It’s been a volatile week on world stock markets. Investors have focused on slowdowns in China and Europe, but other economic developments are taking place in the Asia Pacific.
The last time Singapore’s economy was growing this slowly, Barrack Obama was just a few months into his first term as U.S. President. This week, Singapore’s government cut its forecast for the year — saying growth for 2019 is likely to be in the range of zero to one percent.
Last month, South Korea’s government cut its growth forecast to its lowest level in seven years. The country’s exports plunged more than 11% in July compared to a year earlier.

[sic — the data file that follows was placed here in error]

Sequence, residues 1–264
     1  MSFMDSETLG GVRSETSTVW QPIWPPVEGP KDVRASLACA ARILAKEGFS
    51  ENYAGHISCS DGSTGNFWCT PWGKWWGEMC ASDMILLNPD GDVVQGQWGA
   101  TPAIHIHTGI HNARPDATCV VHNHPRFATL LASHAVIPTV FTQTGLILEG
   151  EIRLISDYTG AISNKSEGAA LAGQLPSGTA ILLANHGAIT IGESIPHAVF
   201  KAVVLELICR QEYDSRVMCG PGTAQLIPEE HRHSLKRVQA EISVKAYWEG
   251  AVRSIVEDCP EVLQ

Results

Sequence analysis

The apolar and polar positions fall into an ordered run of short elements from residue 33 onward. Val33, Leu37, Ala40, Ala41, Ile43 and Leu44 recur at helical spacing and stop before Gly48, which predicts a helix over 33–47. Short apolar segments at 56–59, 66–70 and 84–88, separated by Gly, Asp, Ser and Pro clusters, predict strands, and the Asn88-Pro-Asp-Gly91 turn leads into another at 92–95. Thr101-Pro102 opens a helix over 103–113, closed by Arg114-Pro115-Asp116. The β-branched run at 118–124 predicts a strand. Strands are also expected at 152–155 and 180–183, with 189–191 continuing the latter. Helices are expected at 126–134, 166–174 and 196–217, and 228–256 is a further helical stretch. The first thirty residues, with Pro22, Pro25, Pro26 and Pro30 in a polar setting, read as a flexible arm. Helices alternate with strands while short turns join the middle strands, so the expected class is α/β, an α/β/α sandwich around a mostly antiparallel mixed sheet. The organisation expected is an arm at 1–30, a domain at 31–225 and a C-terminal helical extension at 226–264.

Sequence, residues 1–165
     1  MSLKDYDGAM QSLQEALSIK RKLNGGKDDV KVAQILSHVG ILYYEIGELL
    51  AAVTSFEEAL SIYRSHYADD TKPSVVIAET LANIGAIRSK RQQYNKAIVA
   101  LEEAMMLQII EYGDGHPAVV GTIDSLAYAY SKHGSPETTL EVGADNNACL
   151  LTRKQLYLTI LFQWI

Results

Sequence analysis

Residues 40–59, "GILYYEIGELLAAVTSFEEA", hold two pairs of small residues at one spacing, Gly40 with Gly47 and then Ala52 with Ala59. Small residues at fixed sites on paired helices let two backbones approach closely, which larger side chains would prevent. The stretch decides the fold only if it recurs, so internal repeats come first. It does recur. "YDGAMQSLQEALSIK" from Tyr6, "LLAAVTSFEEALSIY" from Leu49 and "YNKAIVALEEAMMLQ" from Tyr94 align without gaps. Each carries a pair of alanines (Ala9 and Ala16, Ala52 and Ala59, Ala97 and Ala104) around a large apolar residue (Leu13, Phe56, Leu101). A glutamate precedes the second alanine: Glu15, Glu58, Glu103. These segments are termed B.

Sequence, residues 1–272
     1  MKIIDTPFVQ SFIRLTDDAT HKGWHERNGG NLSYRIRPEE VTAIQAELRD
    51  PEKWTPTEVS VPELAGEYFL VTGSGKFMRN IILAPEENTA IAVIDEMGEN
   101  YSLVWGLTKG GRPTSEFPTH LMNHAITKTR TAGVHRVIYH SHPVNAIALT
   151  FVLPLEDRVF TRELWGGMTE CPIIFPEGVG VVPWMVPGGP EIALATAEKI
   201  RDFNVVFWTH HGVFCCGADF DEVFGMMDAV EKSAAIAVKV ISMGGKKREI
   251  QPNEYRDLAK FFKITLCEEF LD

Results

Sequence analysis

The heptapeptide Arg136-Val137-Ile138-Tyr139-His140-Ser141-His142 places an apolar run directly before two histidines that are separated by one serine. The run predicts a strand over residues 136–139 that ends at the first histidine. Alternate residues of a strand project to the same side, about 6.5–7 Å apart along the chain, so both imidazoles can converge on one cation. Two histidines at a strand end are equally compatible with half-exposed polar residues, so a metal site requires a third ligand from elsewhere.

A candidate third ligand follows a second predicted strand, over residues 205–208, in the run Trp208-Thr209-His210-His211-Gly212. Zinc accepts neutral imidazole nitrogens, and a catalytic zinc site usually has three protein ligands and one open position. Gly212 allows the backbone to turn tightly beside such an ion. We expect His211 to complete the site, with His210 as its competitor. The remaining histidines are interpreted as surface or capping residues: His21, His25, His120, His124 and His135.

Slowing exports also led Japan’s government to cut its growth forecast last month. Plus, taxes are going up in October, and economists warn that could hurt consumer spending.
Thailand’s government cut its economic outlook late last month, and its central bank took markets by surprise last week by cutting interest rates for the first time in four years.
Australia’s central bank has cut rates for two months in a row to a historic low of one percent –as its economy also wrestles with slowing growth.
New Zealand and India also surprised markets last week by cutting interest rates.
As for the future, analysts say trade tensions are one factor to watch when it comes to regional economic health, and another is which central banks still have room left to cut interest rates.